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Accueil du site → Doctorat → États-Unis → 1982 → DUNES ON THE NAVAJO UPLANDS OF NORTHEASTERN ARIZONA : THEIR RELATIONSHIP TO SELECTED ENVIRONMENTAL VARIABLES

University of Oklahoma (1982)

DUNES ON THE NAVAJO UPLANDS OF NORTHEASTERN ARIZONA : THEIR RELATIONSHIP TO SELECTED ENVIRONMENTAL VARIABLES

BIENEMAN, PAUL MARTIN

Titre : DUNES ON THE NAVAJO UPLANDS OF NORTHEASTERN ARIZONA : THEIR RELATIONSHIP TO SELECTED ENVIRONMENTAL VARIABLES

Auteur : BIENEMAN, PAUL MARTIN

Université de soutenance : University of Oklahoma

Grade : Doctor of Philosophy (PhD) 1982

Résumé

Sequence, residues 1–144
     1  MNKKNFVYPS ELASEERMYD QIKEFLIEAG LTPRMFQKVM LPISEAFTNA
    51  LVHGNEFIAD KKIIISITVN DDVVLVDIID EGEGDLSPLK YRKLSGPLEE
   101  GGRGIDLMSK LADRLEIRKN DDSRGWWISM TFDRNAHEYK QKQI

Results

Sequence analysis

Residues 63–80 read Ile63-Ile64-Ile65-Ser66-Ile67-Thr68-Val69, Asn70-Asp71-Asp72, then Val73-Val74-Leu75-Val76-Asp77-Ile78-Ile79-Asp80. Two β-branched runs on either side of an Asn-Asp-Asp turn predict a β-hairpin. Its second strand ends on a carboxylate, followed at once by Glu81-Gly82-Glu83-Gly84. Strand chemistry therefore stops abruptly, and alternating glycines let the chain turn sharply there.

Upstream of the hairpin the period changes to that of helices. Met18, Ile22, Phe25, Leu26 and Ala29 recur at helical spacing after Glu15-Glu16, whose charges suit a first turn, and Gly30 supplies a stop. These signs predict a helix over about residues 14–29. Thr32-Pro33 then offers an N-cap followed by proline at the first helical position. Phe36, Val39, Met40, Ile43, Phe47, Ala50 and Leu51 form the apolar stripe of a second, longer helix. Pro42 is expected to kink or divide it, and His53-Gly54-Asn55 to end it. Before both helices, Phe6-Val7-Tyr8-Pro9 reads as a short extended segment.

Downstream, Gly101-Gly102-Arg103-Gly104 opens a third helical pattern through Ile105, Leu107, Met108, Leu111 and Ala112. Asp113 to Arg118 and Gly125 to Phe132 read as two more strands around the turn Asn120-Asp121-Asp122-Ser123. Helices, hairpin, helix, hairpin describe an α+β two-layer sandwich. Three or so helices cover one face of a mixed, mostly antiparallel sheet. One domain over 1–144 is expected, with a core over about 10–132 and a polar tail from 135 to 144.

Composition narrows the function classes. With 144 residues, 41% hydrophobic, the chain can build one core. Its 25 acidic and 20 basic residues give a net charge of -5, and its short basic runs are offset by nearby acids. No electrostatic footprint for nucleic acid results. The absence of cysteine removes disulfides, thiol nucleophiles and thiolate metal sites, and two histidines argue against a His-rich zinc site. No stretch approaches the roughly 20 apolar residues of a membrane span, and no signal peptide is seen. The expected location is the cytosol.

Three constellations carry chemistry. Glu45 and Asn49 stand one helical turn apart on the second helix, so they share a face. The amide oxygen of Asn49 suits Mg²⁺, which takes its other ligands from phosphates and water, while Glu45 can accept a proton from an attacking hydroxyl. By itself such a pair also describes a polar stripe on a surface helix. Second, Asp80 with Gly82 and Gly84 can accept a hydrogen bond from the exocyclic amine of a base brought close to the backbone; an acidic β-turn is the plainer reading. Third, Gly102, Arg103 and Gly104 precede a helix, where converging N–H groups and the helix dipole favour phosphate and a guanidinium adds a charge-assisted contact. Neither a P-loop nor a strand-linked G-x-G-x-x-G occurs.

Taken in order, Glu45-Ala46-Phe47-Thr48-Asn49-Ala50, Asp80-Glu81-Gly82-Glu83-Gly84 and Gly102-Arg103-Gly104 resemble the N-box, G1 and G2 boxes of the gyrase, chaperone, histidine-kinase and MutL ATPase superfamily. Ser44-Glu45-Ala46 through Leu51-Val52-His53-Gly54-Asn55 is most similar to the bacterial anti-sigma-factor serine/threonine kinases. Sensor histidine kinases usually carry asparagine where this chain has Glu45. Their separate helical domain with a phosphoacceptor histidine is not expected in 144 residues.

Investigation of the selected geomorphic, meteorologic, and lithologic variables and the occurrence of dunes on the Navajo Uplands of Northeastern Arizona yielded a number of interesting insights into the relationship between dunes and the environment responsible for their existence. The study area is characterized by nearly horizontal, sedimentary, eolian, sandstone formations with scattered areas of shale. The climate is semi-arid and landforms consist primarily of broad open valleys. A variety of dune types are present, however longitudinal dunes tend to be most common. The area is included almost entirely within the Navajo Reservation where overgrazing has contributed to the destruction of vegetation and the development of dunes. Fifteen variables were selected as possible indicators of dune occurrence. Analysis of the variables by the hypothesis testing portion of the discriminant analysis routine determined the relationship between means of the dune and non-dune group and the discriminating power of each of the variables. Those variables whose means were not significantly different were rejected from further consideration. The 12 significant variables were subjected to factor analysis to determine the relationships between the variables and to produce the independent factor scores necessary for the model development. Four factors were discernable. Factor scores from significant variables were used in the classification portion of the discriminant analysis routine and produced the model. The model was tested on 100 new sites to determine its classification ability. Factor scores from the 100 "new" sites were classified according to the model developed on the 100 "original" sites. Of the 18 sites classified as belonging to the group dune, 16 were actual dunes. Sixty-nine of the 82 member non-dune group were correctly classified. As a result of the analysis, it was possible to predict dune prone areas within the study area based upon the physical environmental attributes of specific sites

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